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Obama's Tech Stimulus Plan: Health IT, Broadband, and Smart Grid

Daniel J. Weitzner

Steve Lohr has a nice piece in the New York Times ('Technology Gets a Piece of Stimulus,' 26 Jan 2009, p. C1) this morning about the role that technology and innovation will play in the economic recovery (aka stimulus) bill supported by the Obama Administration.

In the past, health IT deployment has been approached as an engineering problem: what computers have to be part of which networks exchanging which types of data? This loses sight of the purpose of electronic medical records: helping doctors to provide better care to their patients and transforming the system at a macro scale so that it enables data-driven, evidence-based research on how to provide effective, cost-efficient care. Today, because most doctors are paid based on how many procedures they perform, as opposed to how good they are at keeping patients healthy, will actually lose money if new information systems help them to deliver care more efficiently and keep people healthier. So, the key challenge for electronic medical record deployment is to marry up overall changes in healthcare policy with the right innovation environment to produce the health information infrastructure we need to support safer, more efficient health care.

A quick infusion of stimulus spending, combined with a long term commitment to spend much of this money in a way that rewards doctors for delivering better care and data needed to measure effectiveness and efficiency (as opposed to just subsidizing them to put expensive hardware and software on their desks), can help lay the groundwork for the systems needed for health care reform. As Lohr explains:

The time-tested way for governments to create jobs in a hurry is to pour money into old-fashioned public works projects like roads and bridges. President Obama's economic recovery plan will do that, but it also has some ambitious 21st century twists.

The $825 billion stimulus plan presented this month by House Democrats called for $37 billion in spending in three high-tech areas: $20 billion to computerize medical records, $11 billion to create smarter electrical grids and $6 billion to expand high-speed Internet access in rural and underserved communities.
The technology industry is not typically viewed as a prolific job producer. Much of its manufacturing is highly automated. But bringing technology to services fields like health care, telecommunications and energy can be labor intensive and thus generate jobs.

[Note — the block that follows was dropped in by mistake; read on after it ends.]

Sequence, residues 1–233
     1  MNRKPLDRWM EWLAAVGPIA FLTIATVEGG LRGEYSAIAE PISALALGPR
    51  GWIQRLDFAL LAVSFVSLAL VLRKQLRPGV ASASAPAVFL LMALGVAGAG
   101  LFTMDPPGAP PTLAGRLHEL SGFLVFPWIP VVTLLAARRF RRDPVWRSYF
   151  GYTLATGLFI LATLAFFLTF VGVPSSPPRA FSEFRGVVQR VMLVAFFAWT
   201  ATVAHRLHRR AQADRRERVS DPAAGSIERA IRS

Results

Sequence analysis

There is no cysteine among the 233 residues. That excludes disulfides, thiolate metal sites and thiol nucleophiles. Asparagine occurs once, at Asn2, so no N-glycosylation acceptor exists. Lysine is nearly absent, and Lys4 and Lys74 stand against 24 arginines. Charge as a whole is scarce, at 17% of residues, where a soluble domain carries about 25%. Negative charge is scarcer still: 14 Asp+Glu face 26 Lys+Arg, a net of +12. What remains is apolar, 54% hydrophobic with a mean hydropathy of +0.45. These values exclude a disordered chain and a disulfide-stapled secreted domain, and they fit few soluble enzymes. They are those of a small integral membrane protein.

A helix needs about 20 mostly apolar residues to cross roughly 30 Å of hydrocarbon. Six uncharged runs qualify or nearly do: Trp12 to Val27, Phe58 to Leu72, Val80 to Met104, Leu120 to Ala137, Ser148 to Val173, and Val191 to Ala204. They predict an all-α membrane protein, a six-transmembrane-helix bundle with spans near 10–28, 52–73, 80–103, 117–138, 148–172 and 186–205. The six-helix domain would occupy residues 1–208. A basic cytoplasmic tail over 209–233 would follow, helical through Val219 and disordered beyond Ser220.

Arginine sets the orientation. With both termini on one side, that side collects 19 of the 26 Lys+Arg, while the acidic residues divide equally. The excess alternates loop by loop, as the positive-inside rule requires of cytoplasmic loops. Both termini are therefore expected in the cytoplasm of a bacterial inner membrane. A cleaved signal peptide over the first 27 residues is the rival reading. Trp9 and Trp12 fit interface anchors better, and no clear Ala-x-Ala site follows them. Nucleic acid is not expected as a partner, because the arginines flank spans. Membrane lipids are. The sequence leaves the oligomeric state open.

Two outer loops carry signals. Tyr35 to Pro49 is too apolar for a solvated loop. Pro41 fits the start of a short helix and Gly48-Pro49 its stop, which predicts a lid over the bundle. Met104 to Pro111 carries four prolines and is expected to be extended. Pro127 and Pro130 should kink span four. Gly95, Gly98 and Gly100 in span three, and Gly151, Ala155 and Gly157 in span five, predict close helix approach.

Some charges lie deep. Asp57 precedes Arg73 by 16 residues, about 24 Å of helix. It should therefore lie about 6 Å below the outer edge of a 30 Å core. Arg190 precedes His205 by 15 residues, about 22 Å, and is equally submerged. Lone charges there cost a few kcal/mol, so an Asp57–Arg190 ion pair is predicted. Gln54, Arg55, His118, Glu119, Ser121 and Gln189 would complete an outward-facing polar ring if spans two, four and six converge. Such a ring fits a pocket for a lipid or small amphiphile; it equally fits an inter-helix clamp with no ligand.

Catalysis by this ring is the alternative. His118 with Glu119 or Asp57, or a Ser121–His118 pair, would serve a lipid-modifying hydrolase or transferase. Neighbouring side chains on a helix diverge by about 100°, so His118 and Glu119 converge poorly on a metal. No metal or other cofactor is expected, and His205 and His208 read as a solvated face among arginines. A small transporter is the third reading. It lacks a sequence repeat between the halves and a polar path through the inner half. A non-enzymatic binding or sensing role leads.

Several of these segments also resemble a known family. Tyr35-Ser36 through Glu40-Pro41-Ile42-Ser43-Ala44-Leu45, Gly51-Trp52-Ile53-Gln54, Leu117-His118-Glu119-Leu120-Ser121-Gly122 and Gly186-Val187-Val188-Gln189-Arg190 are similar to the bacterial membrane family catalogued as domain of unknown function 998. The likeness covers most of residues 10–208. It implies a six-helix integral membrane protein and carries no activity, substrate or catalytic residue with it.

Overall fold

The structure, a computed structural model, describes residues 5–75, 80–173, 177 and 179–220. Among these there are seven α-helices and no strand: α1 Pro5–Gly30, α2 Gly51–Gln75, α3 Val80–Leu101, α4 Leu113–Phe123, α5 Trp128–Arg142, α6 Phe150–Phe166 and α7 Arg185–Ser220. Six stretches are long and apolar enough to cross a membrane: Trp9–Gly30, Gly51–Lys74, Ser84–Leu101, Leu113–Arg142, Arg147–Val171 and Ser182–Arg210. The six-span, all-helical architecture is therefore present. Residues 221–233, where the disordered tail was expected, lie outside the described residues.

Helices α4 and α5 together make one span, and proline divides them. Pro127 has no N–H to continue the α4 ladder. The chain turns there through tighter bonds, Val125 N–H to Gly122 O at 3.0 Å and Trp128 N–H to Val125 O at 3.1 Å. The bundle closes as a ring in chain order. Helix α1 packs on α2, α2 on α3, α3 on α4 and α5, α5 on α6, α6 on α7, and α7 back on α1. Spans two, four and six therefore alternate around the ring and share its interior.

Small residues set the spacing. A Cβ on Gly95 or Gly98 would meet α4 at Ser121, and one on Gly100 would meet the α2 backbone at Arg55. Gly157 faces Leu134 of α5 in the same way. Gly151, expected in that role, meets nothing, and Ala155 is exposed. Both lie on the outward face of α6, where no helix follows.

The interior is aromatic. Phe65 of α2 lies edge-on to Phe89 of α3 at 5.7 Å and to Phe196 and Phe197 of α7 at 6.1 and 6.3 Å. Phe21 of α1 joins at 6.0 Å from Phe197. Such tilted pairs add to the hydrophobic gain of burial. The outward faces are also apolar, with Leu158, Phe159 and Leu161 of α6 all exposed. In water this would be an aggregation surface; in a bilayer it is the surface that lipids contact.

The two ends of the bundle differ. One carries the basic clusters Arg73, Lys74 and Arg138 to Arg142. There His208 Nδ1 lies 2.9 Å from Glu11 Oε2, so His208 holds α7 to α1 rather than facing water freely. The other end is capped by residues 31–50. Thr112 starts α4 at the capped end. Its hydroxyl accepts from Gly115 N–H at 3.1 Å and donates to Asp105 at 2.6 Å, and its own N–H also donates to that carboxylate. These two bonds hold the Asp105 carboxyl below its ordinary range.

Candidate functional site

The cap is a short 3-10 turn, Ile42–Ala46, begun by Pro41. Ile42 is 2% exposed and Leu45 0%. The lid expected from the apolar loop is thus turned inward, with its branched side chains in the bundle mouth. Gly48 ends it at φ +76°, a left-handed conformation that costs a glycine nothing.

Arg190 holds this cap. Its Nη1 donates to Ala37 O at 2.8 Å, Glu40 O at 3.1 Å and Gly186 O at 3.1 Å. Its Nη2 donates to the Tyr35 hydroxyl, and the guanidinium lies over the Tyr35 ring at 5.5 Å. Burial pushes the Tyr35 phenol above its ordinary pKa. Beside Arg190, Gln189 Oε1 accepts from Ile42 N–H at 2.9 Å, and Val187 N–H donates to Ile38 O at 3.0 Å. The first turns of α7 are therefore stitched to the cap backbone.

The issues surrounding electronic health records illustrate the policy challenges of targeted programs. Mr. Obama has advocated spending $50 billion over five years to accelerate the use of such records and the sharing of health information across a national network.
The computerized records, when used properly, are an indispensable tool for measuring, tracking and improving patient care - yet only about 17 percent of the nation's doctors are using them. They are commonplace at large medical groups, but 75 percent of doctors practice in small offices of 10 physicians or fewer.

Doctors often benefit from inefficiency, because the dominant fee-for-service payment system means they are paid for doing more - more doctor visits, tests, surgical procedures, pills.

"Paying to put computer hardware and software in physicians' offices isn't going to do anything unless you change the incentives in the system," said Dr. David J. Brailer, former national health information technology coordinator in the Bush administration.
"You want to pay for achievement - better health quality and efficiency," said Dr. David Blumenthal, director of the Institute for Health Policy at the Harvard Medical School, who advised the Obama campaign. "But in the transition period, before financial incentives are reformed, you need to provide incentives or grants to use electronic health records because this technology is sort of the opening wedge to reform."

And summarizes the current contents of HealthIT stimulus proposals developed by the transition team and currently being considered by Congress:

Those eligible for grants to buy technology, a member of the Obama transition team said, will include inner-city and rural hospitals and small doctor practices. But most money, he said, will go to incentive payments to improve quality and safety of care.

The big leverage that that the Federal Government has is over $700 Billion dollars that it spends on Medicare and Medicaid each year. All together the Federal government pays for over 40% of all healthcare in the US so directing that spending in a way that encourages a more data-driven health care system is the key to success. The stimulus spending will be the first step toward creating a system in which that money can be used to encourage smart, data-driven health care.

By Daniel J. Weitzner, Technology and Society Policy Director
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